Sunday, July 8, 2012


Richard brought me back from our conference in Kara last Tuesday.   Since we were on his moto, we came back the northern way.  This route passes through the village of Sarakawa.  January 24, 1974, the father of Togo's current president, President Gnassingbe Eyadema, was flying to his ancestral home in his C-47 when it crashed near Sarakawa.  The plane apparently broke into 2 pieces on impact. Eyadema emerged alive from the wreckage of the rear section while most of his entourage was killed (wikipedia and Richard differ as to how many others walked away).  The crash, and his miraculous survival, played a major role in the construction of the mythology surrounding Eyadema, and in the development of his personality cult that was partially responsible for the duration of his rule in Togo.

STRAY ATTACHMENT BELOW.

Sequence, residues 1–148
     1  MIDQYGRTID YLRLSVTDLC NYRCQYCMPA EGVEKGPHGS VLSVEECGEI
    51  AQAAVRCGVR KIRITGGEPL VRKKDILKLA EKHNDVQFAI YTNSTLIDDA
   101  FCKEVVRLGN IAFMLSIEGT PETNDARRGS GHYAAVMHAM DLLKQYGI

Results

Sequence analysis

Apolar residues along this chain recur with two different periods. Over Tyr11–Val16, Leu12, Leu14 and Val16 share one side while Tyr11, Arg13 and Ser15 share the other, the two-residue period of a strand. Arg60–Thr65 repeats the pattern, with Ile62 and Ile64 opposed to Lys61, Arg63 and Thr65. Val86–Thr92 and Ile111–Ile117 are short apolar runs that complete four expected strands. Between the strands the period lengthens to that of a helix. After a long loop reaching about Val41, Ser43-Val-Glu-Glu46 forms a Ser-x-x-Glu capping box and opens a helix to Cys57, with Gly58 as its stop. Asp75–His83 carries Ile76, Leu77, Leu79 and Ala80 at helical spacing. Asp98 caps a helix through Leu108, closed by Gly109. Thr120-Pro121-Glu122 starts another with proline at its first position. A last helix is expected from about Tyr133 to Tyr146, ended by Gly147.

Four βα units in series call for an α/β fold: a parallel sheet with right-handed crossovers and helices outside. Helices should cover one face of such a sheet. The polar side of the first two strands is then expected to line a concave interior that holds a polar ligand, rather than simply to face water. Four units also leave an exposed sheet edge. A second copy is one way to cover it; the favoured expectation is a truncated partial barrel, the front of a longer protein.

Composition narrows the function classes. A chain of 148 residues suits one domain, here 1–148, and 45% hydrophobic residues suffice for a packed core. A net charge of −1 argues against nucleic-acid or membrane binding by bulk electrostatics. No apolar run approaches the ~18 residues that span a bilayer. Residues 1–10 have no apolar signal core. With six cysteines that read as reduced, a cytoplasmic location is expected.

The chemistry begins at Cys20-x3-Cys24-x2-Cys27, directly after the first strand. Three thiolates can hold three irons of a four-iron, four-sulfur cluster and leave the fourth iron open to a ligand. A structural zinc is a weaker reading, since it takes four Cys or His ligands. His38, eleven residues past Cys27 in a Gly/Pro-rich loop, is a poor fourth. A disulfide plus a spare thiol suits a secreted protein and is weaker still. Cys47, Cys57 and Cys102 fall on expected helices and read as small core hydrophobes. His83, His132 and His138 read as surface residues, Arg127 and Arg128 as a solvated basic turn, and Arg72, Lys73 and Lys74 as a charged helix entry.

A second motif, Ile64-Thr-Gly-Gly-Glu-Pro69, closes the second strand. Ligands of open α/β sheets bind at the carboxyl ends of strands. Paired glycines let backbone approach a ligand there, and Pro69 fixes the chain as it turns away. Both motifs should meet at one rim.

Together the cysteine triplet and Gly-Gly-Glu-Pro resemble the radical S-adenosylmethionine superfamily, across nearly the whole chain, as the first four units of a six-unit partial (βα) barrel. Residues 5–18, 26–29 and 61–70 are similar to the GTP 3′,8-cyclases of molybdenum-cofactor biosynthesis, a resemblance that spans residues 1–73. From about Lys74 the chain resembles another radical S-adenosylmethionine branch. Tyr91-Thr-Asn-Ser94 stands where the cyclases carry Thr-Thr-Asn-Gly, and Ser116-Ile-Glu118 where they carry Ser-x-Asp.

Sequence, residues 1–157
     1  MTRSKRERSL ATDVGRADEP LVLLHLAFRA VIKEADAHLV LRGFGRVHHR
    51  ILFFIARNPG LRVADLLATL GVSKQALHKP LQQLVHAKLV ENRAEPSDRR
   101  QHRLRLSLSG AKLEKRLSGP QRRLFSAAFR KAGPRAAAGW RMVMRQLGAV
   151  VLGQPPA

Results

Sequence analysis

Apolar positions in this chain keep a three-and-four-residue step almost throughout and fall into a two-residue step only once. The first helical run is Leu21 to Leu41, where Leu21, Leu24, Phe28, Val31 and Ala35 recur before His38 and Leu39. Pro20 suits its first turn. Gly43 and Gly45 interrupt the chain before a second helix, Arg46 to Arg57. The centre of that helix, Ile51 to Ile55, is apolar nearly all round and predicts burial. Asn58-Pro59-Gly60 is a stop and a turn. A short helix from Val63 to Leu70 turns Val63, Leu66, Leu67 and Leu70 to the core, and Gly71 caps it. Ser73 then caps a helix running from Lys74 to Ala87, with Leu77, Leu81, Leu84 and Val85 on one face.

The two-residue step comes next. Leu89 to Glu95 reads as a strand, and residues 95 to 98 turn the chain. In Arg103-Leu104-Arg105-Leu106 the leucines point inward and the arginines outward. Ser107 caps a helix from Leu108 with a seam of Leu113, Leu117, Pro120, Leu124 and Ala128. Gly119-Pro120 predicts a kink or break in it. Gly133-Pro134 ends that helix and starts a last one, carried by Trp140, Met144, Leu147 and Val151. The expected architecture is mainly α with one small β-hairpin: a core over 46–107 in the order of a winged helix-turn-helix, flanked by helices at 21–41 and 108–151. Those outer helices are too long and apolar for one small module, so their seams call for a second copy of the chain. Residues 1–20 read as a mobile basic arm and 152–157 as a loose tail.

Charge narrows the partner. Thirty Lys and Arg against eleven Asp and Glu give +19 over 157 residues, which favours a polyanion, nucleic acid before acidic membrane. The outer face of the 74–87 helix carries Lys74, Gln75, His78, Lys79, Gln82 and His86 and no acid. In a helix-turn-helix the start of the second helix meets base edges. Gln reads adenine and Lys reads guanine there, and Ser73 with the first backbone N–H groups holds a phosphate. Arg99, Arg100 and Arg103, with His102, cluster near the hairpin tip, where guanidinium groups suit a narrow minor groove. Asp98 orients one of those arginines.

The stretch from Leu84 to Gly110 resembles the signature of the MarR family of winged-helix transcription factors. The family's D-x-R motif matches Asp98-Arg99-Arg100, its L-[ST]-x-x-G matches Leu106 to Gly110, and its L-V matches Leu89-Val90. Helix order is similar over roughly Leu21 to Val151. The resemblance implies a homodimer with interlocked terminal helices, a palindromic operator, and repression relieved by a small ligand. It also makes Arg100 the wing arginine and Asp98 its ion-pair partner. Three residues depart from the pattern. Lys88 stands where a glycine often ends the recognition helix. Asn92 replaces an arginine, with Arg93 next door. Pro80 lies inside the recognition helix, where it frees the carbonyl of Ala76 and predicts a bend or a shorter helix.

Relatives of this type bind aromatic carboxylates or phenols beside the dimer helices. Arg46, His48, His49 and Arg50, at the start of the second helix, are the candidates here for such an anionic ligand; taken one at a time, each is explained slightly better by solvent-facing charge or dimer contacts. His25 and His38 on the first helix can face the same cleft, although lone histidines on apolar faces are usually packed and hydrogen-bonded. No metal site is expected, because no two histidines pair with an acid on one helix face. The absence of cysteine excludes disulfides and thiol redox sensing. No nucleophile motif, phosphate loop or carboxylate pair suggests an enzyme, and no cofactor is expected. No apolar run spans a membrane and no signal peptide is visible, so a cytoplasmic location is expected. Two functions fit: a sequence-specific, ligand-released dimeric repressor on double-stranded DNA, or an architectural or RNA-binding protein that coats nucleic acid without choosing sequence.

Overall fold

Anyway, I've always wanted to see this place, so Richard and I stopped by.  I wish I'd had my camera.  The rear section of the plane, basically the tail section, a couple engines, and one wing, was left as-is-- a crumpled pile of wreckage in a field. A concrete courtyard was poured around it, and a circular ceremonial reviewing hall that looks like a mausoleum was built around that. You can walk through the wreckage, spin the tail wheel, flick the propellers, run your hand along the wing, rap on the fuselage, if you want. Its kind of amazing that anyone walked away the wreck.  Richard, hat in hand the whole time, told me that Eyadema climbed out and ordered his rescuers to take him straight home.  The front half of the plane is still piled in a field. 

It was pretty cool to see.  Although we um, angered the 2 soldiers guarding it because we didn't . . . pass by their outpost behind the place and just walked in. The photo on wikipedia is worthless.

Then, back on the road, we went by the natural preserve in Sarakawa and saw zebras.  That was cool too.

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